Charles H Robb

The Court of Appeals for the District of Columbia Circuit didn’t always give unconditional obeisance to the U.S. Supreme Court when it believed an injustice would result. In a 1910 case it rebuffed a sanctity of contract defense by a railroad company which had been sued for negligence in the death of a locomotive fireman. The company argued that a provision in the Employers Liability Act of 1906 prohibiting the use of employment contracts as a defense against an employee’s suit for negligence was unconstitutional because it infringed upon the right to contract elevated to constitutional status by the Supreme Court in its noteworthy 1905 decision in Lochner v. New York. Rejecting that argument and writing for a unanimous panel, Justice Charles Robb stated, “After all, the right to contract is hedged about with many restrictions, and must always yield to the common good.”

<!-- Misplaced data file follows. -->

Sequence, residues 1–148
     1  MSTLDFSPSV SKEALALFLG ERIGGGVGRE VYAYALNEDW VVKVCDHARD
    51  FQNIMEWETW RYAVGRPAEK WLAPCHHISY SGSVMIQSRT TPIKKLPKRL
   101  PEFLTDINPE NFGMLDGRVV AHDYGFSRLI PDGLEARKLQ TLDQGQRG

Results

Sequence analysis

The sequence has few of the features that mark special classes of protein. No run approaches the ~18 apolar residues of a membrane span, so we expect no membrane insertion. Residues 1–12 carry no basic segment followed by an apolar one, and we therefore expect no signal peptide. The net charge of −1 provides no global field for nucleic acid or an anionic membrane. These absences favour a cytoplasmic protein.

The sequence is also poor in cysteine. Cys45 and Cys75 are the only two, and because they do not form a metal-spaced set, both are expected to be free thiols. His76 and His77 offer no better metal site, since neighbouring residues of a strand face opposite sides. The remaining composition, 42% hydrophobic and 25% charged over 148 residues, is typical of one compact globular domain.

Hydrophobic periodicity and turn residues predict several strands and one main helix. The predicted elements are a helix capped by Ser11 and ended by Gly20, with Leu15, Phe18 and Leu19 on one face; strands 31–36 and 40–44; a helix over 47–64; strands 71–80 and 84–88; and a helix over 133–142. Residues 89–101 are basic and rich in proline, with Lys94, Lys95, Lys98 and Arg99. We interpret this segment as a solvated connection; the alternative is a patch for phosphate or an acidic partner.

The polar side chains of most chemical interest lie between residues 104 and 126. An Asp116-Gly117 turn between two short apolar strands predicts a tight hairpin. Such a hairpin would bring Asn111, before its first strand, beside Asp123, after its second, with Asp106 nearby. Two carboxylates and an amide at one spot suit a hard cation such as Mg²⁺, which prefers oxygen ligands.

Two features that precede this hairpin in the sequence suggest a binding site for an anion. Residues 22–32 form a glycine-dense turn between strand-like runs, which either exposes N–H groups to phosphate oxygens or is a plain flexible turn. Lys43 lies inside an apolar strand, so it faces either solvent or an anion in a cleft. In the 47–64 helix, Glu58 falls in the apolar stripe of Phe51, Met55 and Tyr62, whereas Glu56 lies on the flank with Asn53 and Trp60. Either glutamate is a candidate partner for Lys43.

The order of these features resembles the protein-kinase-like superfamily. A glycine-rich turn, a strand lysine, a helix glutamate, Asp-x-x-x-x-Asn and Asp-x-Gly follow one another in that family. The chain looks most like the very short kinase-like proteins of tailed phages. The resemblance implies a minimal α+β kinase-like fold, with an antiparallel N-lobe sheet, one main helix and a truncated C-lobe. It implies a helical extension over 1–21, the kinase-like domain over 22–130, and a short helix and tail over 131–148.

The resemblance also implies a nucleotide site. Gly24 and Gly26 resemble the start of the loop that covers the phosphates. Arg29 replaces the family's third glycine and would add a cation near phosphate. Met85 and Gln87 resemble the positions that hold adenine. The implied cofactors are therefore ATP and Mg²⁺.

(The ruling was not subsequently overturned. Justice Robb was the father of Roger Robb who joined the Circuit bench in 1969.)

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